Politics & Policy

Identifying a Problem

Hoekstra on short-term and long-term concerns.

Michigan congressman Pete Hoekstra is “scared.”

He’s not scared so much that his candidate — Mitt Romney, whom he advises on foreign policy — won’t pull out a victory in Tuesday’s Michigan primary as he is worried about what another candidate is doing to the Republican party.

Republicans “need to stick up for our principles,” Hoekstra told National Review Online on Monday afternoon. We’re about “freedom and opportunity” — we don’t exclude people based on such things as race or gender, class or religion. But Hoekstra sees the Huckabee campaign as a divisive vessel of religious and class warfare.

In response to Huckabee’s line that Americans want to elect as president someone who looks like “the guy they work with, not the guy who laid them off,” Hoekstra insists “the right Republican response is that we shouldn’t be judging people based on what they look like. We should be judging people on whether they have the qualifications . . . the ability to get the job done. I’d like a guy who has the skills of Bill Gates and Steve Jobs.” Hoekstra says he wants to elect a president who is “someone who knows how to create jobs. . . . Republicans know that if [Gates or Jobs] gets rich, it is good for Americans.” To suggest otherwise, in the populist tone Huckabee has, is “scary,” Hoekstra says: “Huckabee is scary for the Republican party.”

And what’s especially frightening to Hoekstra is the identity-politics character of Huckabee’s religious appeal. Hoekstra, himself a Christian social conservative, says evangelicals are an essential part of the Republican party: They have helped raise the level of importance of social issues, and have turned them into winning issues for the GOP. But for Hoekstra, to insist that the “standard-bearer” of your party be chosen on the basis of identity politics is a dangerous and un-Republican thing — and that’s what he sees coming from Huckabee and his supporters. “We can’t become the Evangelical Christian party,” says Hoekstra. “We’ve got a broad spectrum of religious faiths” in the GOP; to promote one over the others would be detrimental for the party.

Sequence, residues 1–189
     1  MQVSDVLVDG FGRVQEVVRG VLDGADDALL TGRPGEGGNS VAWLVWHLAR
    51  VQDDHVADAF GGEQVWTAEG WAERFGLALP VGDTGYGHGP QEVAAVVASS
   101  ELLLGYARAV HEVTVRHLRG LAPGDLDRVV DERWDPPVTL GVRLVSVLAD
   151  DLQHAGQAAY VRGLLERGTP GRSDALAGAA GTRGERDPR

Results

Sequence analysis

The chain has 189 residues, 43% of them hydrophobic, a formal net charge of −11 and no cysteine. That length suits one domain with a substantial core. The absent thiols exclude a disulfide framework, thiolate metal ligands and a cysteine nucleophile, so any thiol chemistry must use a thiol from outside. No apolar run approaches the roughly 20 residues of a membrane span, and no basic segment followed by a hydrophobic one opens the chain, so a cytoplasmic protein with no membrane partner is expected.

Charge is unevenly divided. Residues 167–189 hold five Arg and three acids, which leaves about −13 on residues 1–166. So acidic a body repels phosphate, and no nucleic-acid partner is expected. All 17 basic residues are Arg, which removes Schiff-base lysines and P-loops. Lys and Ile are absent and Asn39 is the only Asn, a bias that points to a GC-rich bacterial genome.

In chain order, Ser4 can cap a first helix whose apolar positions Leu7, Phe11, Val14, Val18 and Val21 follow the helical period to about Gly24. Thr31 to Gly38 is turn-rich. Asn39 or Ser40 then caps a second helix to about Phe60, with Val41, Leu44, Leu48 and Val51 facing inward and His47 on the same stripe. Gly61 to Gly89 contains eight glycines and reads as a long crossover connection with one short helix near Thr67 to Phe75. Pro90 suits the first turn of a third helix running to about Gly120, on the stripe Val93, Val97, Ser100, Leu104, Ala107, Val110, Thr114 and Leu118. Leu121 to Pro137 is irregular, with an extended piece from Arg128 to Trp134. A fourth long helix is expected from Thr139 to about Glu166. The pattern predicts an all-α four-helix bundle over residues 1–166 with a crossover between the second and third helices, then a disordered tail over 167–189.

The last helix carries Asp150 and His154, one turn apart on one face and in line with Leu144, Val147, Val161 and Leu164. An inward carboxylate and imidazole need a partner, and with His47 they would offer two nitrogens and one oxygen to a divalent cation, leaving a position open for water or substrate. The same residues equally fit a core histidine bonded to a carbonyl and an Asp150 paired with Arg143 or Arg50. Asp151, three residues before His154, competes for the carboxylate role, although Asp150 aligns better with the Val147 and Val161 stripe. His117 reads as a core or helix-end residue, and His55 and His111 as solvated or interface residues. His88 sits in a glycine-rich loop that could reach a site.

Hoekstra says his office has gotten calls from folks “furious” that the congressman would support a Mormon. As it happens, the Mormon he supports, Hoekstra says, has the “management and leadership capability” needed in a president. On foreign policy, Hoekstra pitches Romney as one who “recognizes the threat from radical jihadists” and talks about it “better than the president. He doesn’t call it a war on terror.” Romney names the enemy much more directly and consistently: Islamic radicals.

As for what will happen Tuesday and what it will mean for Mitt Romney, Hoekstra says wait and see. Being realistic, he says: “I think that if we had an active Democratic primary, we’d be in great shape.” As for what happens if Romney loses in Michigan, Hoekstra says the answers will lie in the numbers, saying the exit polls are key to decision-making. “Mitt could be the clear-cut winner among Republicans here” and still lose because of Democratic voting in the Republican primary. Such a result, Hoekstra says, would “call into question the validity of the primary.” But he adds optimistically: “We expect to do very well with Republicans.”


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